6. Hey Calvin!  I’ve used very large generated programs for testing VFP itself — Creating hundreds or thousands of subclass levels, then testing instantiation performance.  I’ve also created very large programs to iterate through VFP’s classes, subclassing them deeply, and then nesting them to improbable levels of depth to stress-test the product.  Sometimes I’ve done this up until the program size limit.  It’s not a real-world implementation, but i thought you’d like to know that I was always very impressed with VFP’s ability to handle these way-out conditions, and in the rare case it didn’t, you fixed it quickly 🙂   Keep up the great work.

  7. Chris Carron says:

    We hit the limit in a procedure used to load a lot of static (and various) data we didn’t want to store in tables. Thanks VFP9!

  8. Doug Mahugh says:

    It’s easy to grow a pretty large program over a few years if you’re constantly tinkering around and adding functionality. Support for large programs is a good thing for those situations, and there are lots of those bloated APPs and EXEs out there.

    That stuff Steve puts VFP through, on the other hand, that’s just sadistic. 🙂

  9. Mike Yearwood says:

    Sorry Calvin, but I have no need for this "enhancement".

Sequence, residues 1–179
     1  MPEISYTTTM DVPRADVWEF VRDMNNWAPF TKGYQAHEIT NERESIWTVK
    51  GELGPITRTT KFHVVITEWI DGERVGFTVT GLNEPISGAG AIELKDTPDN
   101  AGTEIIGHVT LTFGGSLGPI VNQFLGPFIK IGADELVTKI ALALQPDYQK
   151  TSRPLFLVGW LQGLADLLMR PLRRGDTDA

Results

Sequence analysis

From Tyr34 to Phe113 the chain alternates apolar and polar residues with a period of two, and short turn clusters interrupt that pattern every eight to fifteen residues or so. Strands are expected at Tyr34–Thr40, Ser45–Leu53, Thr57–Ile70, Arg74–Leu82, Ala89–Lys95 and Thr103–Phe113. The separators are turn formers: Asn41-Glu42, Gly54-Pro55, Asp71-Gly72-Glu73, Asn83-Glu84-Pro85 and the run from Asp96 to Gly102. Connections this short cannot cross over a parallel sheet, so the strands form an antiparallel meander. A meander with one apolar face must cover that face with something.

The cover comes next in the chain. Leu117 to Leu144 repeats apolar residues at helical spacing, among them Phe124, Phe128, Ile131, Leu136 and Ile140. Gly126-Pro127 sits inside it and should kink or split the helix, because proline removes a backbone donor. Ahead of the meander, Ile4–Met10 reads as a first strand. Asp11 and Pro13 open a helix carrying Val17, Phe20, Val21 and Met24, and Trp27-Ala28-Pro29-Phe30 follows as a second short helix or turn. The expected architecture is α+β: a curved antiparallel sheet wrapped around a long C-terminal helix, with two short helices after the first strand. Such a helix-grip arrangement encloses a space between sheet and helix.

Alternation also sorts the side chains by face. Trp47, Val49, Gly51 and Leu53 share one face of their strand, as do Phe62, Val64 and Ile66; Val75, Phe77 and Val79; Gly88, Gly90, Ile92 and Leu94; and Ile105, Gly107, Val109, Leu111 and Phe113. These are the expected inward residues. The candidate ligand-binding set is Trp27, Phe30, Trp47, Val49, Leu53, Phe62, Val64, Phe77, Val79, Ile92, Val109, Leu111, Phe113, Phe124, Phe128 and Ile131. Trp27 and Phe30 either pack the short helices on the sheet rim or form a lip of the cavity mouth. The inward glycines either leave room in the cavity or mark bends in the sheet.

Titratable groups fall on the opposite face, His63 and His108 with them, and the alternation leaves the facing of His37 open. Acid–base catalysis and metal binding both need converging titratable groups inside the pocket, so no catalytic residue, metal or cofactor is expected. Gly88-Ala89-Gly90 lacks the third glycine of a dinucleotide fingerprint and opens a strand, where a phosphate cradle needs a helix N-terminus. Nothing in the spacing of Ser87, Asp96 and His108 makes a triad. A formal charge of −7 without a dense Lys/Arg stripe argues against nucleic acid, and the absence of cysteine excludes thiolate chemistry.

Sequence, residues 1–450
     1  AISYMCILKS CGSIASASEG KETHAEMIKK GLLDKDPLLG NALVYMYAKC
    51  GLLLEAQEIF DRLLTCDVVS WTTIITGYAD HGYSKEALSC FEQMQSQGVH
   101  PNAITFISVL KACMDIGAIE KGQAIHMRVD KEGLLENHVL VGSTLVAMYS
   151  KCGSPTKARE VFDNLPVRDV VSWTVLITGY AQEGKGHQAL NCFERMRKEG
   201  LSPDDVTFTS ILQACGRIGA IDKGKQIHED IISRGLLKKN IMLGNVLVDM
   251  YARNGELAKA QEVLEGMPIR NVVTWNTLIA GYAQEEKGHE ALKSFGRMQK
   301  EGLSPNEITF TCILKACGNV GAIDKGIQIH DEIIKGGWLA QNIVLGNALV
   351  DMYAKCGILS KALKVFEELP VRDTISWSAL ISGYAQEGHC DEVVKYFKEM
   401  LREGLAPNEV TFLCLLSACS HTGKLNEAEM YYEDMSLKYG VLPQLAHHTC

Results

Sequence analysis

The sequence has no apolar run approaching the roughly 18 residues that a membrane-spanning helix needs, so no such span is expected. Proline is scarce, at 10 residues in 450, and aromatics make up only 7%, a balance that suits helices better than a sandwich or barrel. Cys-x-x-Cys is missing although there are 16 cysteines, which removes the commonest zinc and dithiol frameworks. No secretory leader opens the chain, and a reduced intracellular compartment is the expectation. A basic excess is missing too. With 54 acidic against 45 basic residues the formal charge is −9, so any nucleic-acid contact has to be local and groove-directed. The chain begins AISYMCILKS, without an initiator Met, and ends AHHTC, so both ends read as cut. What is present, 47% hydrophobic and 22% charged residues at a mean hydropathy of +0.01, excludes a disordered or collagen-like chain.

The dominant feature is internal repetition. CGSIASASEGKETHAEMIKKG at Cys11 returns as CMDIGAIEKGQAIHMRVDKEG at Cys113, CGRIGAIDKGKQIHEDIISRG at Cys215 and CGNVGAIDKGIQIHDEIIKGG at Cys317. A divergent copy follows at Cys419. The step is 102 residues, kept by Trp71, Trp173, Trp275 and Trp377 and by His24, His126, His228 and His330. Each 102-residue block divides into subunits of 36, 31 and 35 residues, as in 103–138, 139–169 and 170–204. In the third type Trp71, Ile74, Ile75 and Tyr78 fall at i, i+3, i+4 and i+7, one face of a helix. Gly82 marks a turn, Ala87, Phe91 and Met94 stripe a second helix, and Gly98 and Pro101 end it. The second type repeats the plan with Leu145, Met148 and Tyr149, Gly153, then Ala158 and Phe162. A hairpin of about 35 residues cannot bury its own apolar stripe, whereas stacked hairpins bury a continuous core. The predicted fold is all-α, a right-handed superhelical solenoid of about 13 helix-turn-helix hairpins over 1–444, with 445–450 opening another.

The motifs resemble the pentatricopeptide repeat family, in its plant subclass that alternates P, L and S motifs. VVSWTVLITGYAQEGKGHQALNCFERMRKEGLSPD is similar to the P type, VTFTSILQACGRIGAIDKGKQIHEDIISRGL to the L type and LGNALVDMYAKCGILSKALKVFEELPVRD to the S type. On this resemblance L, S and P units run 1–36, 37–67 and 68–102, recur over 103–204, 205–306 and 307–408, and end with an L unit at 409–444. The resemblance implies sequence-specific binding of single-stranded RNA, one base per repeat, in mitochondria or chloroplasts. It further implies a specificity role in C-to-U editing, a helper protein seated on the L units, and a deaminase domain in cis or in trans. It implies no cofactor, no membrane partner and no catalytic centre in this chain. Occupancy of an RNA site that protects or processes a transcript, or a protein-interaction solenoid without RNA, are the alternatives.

Large arrays: Sys(2000) can be used to iterate the files without *needing* huge arrays.

    Menu generation: The VFP community has wanted OOP menus for what seems like forever. The scx and frx don’t generate code anymore. Code generators as a whole seem to have become bad practice many years ago.

    Large menus are very difficult on the user.

    Growing programs over the years so they exceed manageable limits – sounds like a sandwich someone left in their locker.

    Each to his own I guess.

  10. It’s one of the greatest features in VFP 9 (although there are many more). We need it for AFP (http://www.afpages.com), because AFP compiles each source file into a single PRG file. With all the HTML inside the document, these files can grow pretty quickly beyond the 64 KB limit.

  11. Grady says:

    Why not?

  12. Mike Potjer says:

    If every PRG you ever use is hand-crafted, then it’s not a big deal.  But, as others have stated, for any code that generates a PRG programmatically, very large program sizes make that task considerably easier, because it eliminates all the code you would need to make sure you don’t exceed the 64K limit.  As we all know, less code in such a generator means less opportunity for bugs.

  13. Andreas Lange says:

    I have never reached the limit of 64K until I decided to rewrite a program which I knew very well. The structure was nearly "visible" for me like a long text in literature. With the feature "document view" and "bookmarks" I could handle the code very fast. The need of modulation comes from the wish of better understanding and documention of complex structures but in the rare case of total oversight it could hinder the creative process.